Cover Up (1949)
Directed by Alfred E. Green
Produced by Ted Nasser
Written by Jerome Odium, Dennis O’Keefe (as Jonathan Rix)
Cinematography by Ernest Laszlo
Strand Productions (O’Keefe’s production company)
Distributed by United Artists
(1:23) New to me - Kino Lorber Blu-ray
I’ve never met anyone who’d actually want to be an insurance investigator. The hours are bound to be long and tedious and you also run the risk of getting yourself killed or at least shot at. (Just ask Edmond O’Brien in The Killers.) But what could happen to an insurance investigator in a small Midwestern town a few days before Christmas? That’s the situation Sam Donovan (Dennis O’Keefe) finds himself in at the beginning of Cover Up.
A local man named Roger Phillips apparently committed suicide, causing Donovan to investigate. The job isn’t exactly cake; although the town could be a stand-in for Bedford Falls from It’s a Wonderful Life, Donovan gets stonewalled over and over as people remain tight-lipped about Phillips. Even Phillips’s niece Margaret (Virginia Christine, infamous as Mrs. Olsen in the Folgers coffee commercials), who stands to inherit a huge insurance payout if murder can be proved, isn’t interested in talking with Donovan.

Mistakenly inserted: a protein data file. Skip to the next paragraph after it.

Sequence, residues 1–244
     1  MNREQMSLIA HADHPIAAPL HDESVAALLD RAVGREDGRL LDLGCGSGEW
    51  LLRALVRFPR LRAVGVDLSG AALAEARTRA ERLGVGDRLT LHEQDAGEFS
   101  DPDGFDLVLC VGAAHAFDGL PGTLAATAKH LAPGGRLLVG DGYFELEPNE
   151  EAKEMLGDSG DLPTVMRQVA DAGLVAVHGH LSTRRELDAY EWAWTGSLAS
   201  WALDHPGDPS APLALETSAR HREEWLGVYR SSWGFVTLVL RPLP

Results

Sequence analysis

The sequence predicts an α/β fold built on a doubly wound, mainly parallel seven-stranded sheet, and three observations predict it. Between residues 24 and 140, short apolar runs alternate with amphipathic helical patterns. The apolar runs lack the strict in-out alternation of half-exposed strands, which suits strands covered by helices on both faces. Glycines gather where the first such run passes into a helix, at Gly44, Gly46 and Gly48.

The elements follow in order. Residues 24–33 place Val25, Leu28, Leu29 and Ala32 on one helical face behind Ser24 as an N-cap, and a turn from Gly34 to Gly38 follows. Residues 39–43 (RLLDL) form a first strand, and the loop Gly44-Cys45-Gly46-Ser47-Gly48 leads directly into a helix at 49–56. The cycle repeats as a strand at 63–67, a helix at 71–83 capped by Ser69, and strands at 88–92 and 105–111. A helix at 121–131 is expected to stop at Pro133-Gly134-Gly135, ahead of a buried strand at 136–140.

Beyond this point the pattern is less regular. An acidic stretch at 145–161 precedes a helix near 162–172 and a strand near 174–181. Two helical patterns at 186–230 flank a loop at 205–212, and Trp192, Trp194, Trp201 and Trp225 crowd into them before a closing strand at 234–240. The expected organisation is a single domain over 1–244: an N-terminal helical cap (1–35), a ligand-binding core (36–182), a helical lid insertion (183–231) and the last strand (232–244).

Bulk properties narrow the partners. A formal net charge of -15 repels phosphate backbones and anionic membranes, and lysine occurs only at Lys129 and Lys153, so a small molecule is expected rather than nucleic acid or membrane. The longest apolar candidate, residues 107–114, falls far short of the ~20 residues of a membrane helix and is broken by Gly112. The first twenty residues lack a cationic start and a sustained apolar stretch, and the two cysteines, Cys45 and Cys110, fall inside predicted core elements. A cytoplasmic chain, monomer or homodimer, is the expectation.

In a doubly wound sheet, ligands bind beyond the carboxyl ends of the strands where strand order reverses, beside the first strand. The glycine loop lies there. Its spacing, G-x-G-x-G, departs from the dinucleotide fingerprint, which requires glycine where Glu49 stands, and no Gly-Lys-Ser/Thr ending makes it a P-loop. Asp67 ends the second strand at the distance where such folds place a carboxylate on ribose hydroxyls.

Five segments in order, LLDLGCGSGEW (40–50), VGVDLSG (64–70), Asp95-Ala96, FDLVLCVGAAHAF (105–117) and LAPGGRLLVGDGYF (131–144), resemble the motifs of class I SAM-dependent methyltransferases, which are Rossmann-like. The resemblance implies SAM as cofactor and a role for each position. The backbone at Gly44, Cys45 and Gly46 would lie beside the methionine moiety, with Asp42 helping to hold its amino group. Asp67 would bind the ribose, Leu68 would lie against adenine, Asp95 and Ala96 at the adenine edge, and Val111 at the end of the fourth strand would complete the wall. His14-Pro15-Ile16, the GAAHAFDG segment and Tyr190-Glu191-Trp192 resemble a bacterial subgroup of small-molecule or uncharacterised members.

Not even the local sheriff Larry Best (William Bendix) thinks Phillips’s death was anything other than suicide, but Best is sure of one thing, telling Donovan: “I think you’re gonna be no end of trouble.” Maybe so. While Donovan makes the rounds, he becomes interested in Anita Weatherby (Barbara Britton), whose father, a local banker, seems to be a possible suspect in a possible murder.
Cover Up is clearly more mystery than noir and even the mystery element loses momentum after awhile. O’Keefe and Bendix are good, but the potential for kicking up the tension with these guys never delivers as much as it should. (It is fun, however, seeing Doro Merande as an maid who sounds a lot like Eeyore.) The Ernest Laszlo cinematography provides the backdrop for some good scenes, but they often come across as tepid. While there’s nothing particularly wrong with the film, I’m afraid it’s just not very memorable.
Next time: a hard-hitting (and topical) noir from director Anthony Mann
Photos: DVD Beaver, IMDb